“I was told, ‘Don’t ask questions,’” she said. “We were basically told to turn a blind eye to certain things.”
She was thrilled in January 2019 when Nicholas Paustian, a postal worker who had just been elected mayor, asked if she would like to be the police chief. She accepted, and was approved to hire Clevenger, an instructor at the state law enforcement training academy.
Neither woman was from Guernsey, but both had spent years in the community. An Air Force reservist, VanDam had taken overseas security assignments for the State Department, guarded prisons in Montana and was a longtime firearms instructor for the military. Before moving to Wyoming, Clevenger had worked for years as a sheriff’s deputy in South Carolina.
“I told VanDam when she came in, if there was any assistance that I could give her, I would not step on her toes,” Paustian recalled.
For the women, it felt like a chance at cultural change. But Paustian’s promise was quickly tested: According to court documents, they began aggressively investigating many of the targets VanDam had previously been discouraged from exploring, including allegations that workers in the town maintenance department were buying and selling drugs. One of the council members, Kellie Augustyn, a longtime friend of the mayor, worked as a bartender and handyman at Kelley’s Bar — a favorite of the town’s leaders — where the police officers had heard reports that drugs were being sold through a drive-thru window.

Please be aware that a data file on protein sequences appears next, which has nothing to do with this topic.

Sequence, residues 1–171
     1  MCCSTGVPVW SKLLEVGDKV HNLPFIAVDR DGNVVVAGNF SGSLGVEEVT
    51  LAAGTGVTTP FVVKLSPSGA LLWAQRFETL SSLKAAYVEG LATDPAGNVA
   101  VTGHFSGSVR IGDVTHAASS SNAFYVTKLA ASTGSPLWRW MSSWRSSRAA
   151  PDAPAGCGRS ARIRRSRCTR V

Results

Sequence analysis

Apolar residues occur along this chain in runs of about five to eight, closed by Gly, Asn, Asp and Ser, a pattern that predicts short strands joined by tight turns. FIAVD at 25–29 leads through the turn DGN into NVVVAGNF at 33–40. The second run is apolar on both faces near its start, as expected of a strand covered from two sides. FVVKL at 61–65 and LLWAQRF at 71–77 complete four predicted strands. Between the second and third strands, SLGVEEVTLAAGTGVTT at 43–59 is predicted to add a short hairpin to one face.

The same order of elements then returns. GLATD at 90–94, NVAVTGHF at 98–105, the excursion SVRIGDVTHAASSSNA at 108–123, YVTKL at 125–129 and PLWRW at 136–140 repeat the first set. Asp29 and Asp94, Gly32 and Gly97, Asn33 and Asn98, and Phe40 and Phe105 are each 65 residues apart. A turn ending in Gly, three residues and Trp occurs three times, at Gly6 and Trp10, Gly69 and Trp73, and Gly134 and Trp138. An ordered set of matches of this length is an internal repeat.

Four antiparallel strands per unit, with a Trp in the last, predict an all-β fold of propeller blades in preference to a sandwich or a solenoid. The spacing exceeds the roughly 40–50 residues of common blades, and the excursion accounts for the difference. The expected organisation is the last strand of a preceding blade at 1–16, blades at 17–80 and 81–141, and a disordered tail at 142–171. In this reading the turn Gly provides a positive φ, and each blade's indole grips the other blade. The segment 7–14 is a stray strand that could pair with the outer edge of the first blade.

Paustian said he and other council members felt like the new chief was looking for problems where there were none. But VanDam was undeterred. The tension came to a head over the July 4 holiday in 2019, when one of VanDam’s officers forced Kelley’s Bar to close early, citing public intoxication and a young woman who had passed out on the street.